Individuals with intellectual disabilities (ID) tend to have low rates of participation in voluntary or prescribed physical activity. The purpose of this study, therefore, was to identify the barriers, facilitators, and needs influencing physical activity participation of adults with ID within the framework of a social ecological model. A qualitative approach consisted of data collected from surveys and guided focus groups. Participants included adults with ID (n = 6) and their primary caregiver (n = 6). Barriers were categorized under three themes: organizational barriers, individual constraints, and external influences. Examples of subthemes included information dissemination, reliance on others, and caregiver considerations. Facilitators included primary caregivers as champions and camaraderie. Needs centered on family program involvement, improved programmatic structure, and programmatic support. Results indicate the need for community programs to examine barriers and facilitators applicable to their unique setting and population across all levels of a social ecological model.
Margaret L. Søvik, Torill Larsen, Hege Eikeland Tjomsland, Oddrun Samdal and Bente Wold
This study explores grassroots coaches’ (GCs’) perceptions of the content of a one-day coach education workshop, the programme’s applicability, their use of the content, and the perceived barriers to implementing the programme in their coaching practice. One hundred and thirteen GCs completed follow-up questionnaires, while 12 of them were also interviewed. Descriptive statistics and qualitative analyses were conducted. The quantitative results indicate that the GCs were mainly positive about the programme content and found it easy to apply and adapt to. However, few GCs seemed to apply the programme principles to a great extent. The qualitative results illustrate that the GCs reported barriers that seem to relate to programme characteristics, in particular a lack of follow-up; individual factors, such as a lack of time; and organizational factors, like the lack of a shared understanding of the programme with their co-coaches, and lack of support from club officials. Thus, the findings imply that there is a need for an extended focus on organisational factors, especially support by club officials, when implementing coach education content in youth sports. Future recommendations for implementation of coach education workshops for youth grassroots coaches have been suggested, where support for the coaches is a key issue.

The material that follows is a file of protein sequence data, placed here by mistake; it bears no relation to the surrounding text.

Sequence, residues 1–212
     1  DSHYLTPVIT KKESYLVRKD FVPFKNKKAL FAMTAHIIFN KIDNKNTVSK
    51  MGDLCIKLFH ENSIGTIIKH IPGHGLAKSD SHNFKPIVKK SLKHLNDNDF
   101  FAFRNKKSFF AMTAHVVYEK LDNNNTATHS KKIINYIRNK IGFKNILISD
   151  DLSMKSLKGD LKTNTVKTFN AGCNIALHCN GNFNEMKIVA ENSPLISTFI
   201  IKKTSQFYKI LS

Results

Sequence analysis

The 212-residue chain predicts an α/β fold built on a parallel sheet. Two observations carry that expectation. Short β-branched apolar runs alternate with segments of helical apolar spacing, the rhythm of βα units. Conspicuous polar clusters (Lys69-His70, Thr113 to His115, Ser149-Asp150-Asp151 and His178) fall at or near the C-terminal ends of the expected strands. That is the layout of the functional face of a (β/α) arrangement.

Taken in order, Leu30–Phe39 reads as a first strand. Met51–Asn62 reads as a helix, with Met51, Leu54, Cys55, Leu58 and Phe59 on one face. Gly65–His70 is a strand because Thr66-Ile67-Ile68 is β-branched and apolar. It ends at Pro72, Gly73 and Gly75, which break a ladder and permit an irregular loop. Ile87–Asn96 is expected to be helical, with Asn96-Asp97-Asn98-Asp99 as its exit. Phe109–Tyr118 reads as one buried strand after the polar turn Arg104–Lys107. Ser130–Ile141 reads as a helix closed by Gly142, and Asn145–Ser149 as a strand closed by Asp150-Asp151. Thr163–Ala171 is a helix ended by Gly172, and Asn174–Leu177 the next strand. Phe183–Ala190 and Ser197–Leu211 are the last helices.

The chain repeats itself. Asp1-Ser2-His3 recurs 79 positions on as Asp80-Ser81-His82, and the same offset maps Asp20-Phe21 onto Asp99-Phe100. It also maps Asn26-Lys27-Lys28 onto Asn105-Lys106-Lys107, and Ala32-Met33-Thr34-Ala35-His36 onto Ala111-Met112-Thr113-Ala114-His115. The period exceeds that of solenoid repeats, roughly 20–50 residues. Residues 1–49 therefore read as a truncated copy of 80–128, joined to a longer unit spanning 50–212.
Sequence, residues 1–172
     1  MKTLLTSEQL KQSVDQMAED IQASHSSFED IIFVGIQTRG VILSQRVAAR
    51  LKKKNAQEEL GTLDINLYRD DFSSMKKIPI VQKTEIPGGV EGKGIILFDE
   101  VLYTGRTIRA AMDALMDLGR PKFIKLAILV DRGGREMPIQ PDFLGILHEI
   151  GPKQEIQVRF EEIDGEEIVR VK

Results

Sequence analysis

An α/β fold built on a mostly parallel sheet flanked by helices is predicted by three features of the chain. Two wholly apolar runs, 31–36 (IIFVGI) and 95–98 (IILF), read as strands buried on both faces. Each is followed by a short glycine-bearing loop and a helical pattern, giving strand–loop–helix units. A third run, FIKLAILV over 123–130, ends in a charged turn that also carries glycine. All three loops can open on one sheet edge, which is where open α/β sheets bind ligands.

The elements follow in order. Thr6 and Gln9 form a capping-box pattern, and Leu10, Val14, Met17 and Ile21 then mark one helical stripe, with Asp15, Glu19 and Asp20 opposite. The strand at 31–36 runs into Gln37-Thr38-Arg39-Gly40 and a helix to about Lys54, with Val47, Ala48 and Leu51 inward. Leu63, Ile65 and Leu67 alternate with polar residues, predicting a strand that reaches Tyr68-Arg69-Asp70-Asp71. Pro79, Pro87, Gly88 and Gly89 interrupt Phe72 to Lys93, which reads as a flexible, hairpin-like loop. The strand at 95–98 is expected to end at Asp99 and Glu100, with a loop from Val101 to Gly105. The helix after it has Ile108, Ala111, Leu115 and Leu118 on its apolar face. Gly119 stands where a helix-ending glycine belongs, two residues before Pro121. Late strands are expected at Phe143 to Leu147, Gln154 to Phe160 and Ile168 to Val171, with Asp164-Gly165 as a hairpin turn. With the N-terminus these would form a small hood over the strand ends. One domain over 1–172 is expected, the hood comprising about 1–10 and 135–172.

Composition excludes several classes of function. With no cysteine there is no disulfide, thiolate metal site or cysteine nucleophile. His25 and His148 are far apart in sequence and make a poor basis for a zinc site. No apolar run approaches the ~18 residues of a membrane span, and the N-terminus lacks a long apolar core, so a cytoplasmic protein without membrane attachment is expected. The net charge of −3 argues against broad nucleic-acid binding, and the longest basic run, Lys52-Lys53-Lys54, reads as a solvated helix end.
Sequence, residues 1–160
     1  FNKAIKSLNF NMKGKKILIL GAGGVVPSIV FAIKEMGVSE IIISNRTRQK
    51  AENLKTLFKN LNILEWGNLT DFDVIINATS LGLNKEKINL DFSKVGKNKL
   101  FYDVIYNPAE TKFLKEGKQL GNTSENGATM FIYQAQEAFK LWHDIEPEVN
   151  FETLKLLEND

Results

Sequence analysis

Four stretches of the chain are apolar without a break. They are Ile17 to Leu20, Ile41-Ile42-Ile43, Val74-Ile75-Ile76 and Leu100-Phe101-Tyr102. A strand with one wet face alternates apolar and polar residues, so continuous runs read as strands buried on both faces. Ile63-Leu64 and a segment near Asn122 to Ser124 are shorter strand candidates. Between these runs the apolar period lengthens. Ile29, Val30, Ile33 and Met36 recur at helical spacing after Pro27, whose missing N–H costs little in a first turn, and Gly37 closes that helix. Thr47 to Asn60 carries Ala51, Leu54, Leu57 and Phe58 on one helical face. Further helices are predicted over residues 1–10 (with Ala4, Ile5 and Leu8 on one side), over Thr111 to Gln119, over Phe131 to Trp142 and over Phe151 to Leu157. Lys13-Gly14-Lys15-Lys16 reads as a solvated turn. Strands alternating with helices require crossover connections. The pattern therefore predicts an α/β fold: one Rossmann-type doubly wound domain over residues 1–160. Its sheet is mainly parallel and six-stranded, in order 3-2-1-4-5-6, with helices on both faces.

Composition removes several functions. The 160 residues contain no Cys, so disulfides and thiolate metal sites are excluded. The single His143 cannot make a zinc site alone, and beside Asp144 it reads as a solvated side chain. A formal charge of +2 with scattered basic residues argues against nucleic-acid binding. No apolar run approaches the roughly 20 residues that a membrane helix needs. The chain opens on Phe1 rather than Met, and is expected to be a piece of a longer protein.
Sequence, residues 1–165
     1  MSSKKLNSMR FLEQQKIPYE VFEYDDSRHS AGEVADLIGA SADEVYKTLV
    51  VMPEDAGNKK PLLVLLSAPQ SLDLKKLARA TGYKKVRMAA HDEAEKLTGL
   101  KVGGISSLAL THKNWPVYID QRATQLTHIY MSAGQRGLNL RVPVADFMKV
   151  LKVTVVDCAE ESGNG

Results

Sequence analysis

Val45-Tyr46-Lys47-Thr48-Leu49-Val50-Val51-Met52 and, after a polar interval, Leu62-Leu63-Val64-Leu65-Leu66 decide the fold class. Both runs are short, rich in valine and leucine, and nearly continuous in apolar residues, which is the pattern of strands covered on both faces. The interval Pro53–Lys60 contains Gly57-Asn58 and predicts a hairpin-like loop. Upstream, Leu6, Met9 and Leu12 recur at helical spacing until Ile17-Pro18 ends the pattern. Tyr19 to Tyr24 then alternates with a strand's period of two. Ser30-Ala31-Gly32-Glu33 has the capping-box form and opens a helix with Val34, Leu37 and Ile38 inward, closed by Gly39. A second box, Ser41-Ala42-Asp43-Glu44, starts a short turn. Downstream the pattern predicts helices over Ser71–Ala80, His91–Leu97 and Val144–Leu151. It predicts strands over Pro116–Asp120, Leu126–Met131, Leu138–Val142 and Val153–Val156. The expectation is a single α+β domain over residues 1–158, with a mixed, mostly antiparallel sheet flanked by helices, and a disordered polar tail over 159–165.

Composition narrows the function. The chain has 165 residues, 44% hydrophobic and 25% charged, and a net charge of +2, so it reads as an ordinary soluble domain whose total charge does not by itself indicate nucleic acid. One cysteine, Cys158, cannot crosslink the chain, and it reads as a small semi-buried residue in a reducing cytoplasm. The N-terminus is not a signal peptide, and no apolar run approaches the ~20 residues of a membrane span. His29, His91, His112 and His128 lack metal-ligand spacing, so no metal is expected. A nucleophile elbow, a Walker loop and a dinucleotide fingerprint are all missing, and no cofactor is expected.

Lauren J. Lieberman, Cathy Houston-Wilson and Francis M. Kozub
The purpose of this study was to examine barriers perceived by teachers when including students with visual impairments in general physical education. Teachers (52 males, 96 females) who had children with visual impairments in their physical education classes were surveyed prior to in-service workshop participation. The most prevalent barriers were professional preparation, equipment, programming, and time. A logistic regression analysis, regressing gender, in-service training, number of students with visual impairments taught, masters degree attained, masters hours spent on visual impairments (yes or no), undergraduate hours spent on visual impairments (yes or no), and years of experience failed to indicate significant predictors of professional preparation as a barrier, Model χ2 (6, n = 148) = 4.48, p > .05.
Eva A. Jaarsma, Rienk Dekker, Steven A. Koopmans, Pieter U. Dijkstra and Jan H.B. Geertzen
We examined barriers to and facilitators of sports participation in people with visual impairments. Participants registered at Royal Visio, Bartiméus, and the Eye Association were invited to complete a questionnaire (telephone or online). Six hundred forty-eight of the invited participants (13%) completed the questionnaire, and 63% of the respondents reported sports participation. Walking (43%), fitness (34%), and cycling (34%) were frequently mentioned sports. Costs, lack of peers/buddies, and visual impairment were negatively associated with sports participation, whereas higher education and computer (software) use were positively associated. The most important personal barrier was visual impairment; transport was the most important environmental barrier. Active participants also mentioned dependence on others as a personal barrier. The most important personal facilitators were health, fun, and social contacts; support from family was the most important environmental facilitator. To improve sports participation in people with visual impairments, the emphasis in a sports program should be on the positive aspects of sports, such as fun, health, and social contacts.